Whilst the vegan community would welcome any reduction in the number of animals being killed for food, lab-grown meat cannot be defined as vegan because animal products are used in the early stages of the process. The tissue has no consciousness or central nervous system to experience life or feel pain, but it is not strictly true to say that no animals are exploited or harmed during its creation.
Trading a few lives for the many?
The death toll pales in comparison to that of the livestock industry, but animals do still need to be slaughtered for most lab-grown meat. Stem cells from slaughtered adult animals are needed as starter cells to begin the replication process. These then need to be cultivated within a growth medium similar to the environment of an animals body, with the most commonly used being fetal serum from unborn calves or foals. The extraction process is not for the faint hearted.
However, with the rapid pace of technology in this space, even the use of fetal growth serum could soon become a relic of the past. Plant based growth serums are being developed and have already been adopted already by some start-ups at the forefront of the lab grown meat revolution. On top of this, there are possibilities where a biopsy for a single starter cell could be enough to make a self-renewing line, meaning just one cell could go on to produce thousands of tons of meat.
If we reach a point where there is no fetal calf serum and only a single starter cell needed from a painless biopsy – is there anything for vegans to object to? Opinion will vary and levels of enthusiasm may depend on why somebody vegan in the first place.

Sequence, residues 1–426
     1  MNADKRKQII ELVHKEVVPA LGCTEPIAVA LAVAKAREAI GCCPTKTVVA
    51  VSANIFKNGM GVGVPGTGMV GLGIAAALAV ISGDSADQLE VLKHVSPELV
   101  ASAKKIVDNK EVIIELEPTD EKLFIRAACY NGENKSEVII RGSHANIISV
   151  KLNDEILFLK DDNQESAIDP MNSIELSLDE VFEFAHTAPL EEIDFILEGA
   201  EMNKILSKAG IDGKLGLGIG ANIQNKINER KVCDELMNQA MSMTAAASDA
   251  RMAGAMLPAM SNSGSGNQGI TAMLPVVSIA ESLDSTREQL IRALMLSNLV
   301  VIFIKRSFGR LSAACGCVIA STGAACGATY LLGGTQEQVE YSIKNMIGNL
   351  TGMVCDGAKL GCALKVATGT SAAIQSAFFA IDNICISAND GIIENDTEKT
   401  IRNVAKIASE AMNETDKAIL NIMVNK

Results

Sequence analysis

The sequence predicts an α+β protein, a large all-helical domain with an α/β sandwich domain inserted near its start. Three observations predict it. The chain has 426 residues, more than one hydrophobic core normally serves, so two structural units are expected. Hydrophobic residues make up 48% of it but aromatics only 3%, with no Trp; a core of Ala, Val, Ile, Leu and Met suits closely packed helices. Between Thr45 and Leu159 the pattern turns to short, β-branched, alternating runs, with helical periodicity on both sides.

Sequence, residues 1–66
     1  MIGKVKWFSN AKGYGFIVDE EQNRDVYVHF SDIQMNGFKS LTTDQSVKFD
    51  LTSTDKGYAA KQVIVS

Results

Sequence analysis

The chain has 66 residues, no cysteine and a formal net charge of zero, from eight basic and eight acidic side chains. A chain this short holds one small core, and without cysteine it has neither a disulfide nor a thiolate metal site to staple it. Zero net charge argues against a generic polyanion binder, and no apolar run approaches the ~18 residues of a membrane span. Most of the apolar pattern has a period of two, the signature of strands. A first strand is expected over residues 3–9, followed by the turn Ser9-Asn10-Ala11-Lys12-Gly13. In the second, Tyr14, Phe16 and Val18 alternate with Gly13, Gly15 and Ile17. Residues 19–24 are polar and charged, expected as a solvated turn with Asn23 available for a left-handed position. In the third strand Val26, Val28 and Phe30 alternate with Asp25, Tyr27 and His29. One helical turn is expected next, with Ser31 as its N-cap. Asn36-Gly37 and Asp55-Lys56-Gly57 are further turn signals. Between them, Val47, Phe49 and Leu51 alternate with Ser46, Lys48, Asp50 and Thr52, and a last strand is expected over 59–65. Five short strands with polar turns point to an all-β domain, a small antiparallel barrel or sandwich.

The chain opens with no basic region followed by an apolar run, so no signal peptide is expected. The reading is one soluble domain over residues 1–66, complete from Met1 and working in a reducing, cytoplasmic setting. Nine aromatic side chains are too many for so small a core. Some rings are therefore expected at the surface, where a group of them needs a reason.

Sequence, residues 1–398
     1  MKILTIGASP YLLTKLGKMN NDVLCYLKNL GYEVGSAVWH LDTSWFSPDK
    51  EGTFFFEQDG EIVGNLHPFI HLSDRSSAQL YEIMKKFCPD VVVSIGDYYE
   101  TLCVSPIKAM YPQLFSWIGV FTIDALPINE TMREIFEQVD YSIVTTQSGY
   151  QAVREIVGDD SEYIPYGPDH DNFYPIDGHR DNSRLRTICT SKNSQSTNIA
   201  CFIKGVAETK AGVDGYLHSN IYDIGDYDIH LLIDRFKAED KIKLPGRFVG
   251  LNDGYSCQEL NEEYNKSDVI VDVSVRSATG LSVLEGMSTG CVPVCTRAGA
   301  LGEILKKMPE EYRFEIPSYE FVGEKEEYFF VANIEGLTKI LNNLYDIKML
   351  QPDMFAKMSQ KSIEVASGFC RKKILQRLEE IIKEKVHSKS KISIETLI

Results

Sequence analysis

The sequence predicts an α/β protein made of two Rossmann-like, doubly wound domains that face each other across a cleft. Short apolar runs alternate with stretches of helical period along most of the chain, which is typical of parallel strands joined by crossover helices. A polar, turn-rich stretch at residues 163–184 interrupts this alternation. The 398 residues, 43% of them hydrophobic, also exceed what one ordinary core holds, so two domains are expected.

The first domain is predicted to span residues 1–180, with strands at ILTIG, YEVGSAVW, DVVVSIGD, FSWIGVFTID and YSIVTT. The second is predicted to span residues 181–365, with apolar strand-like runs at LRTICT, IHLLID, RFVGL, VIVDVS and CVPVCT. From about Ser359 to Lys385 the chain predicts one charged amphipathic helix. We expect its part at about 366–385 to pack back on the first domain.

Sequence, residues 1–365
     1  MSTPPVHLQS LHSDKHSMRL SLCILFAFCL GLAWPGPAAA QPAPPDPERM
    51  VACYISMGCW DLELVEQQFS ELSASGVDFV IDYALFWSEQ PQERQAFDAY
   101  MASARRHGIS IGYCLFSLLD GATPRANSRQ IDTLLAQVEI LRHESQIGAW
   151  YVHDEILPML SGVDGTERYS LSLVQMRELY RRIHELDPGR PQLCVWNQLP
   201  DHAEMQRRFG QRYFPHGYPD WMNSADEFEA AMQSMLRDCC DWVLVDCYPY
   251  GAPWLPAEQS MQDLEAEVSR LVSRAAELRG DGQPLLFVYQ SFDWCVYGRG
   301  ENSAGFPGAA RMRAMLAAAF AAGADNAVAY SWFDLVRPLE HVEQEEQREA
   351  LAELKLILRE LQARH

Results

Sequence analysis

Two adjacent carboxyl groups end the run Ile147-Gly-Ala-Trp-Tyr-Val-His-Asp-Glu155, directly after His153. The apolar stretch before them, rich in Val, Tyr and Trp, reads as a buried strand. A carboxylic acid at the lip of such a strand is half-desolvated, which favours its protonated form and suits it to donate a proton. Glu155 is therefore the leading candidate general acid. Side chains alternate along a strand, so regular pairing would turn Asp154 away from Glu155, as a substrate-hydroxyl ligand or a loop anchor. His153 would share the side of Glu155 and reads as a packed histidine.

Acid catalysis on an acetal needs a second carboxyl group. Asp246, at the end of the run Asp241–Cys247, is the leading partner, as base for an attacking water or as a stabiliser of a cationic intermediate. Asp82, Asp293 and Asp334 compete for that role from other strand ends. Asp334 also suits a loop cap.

People turn to veganism for a variety of reasons
Those who gave up meat for ethical or environmental reasons probably fall into the category of ‘guilty carnivores’. For people in this group, lab-grown meat is great as it means they can consume meat again whilst knowing they’re not contributing to the livestock industry. Some simply lose the taste for meat and can even feel unwell from the taste after many years of abstaining, but plenty would be happy to have an option that satisfied their ethical code.
It’s a little more complicated for those who have an ethical aversion to any form of animal consumption. These people can’t or don’t want to eat meat in the first place, so they wouldn’t be interested in eating lab-grown meat even it could be classed as vegan. They may support it in principle though, if it results in fewer animal deaths and has a knock-on effect to other areas of animal exploitation such as the cosmetics, leather, and fur industries.
Are vegan meat alternatives just preaching to the converted?
There are some genuinely vegan options on the market now, such as the ‘Impossible Burger’ which is made from wheat and potato proteins. The special ingredient which gives the burger it’s ‘bleed’, sizzle, and meaty flavour is Heme, a protein found in all living things. Fats in the burger come from coconut and soya, and the binding agents are completely plant-based.
The Impossible Burger is already served in some major restaurants and will be hitting supermarkets in 2019. It has good reviews – people say it’s an extremely good vegan burger, although you can still tell it’s not quite the real thing. It might be enough to turn some conscious carnivores, but is it enough to make an impact on the global population of meat-eaters?
The whole world turning vegan simply isn’t going to happen. To make an impact on a global scale, there needs to be a genuine replica of meat that can provide the same taste, texture, and smell as the real thing. That’s what I’ll be writing about next – as it’s the overwhelming number of carnivores that need converting to the lab-grown meat cause.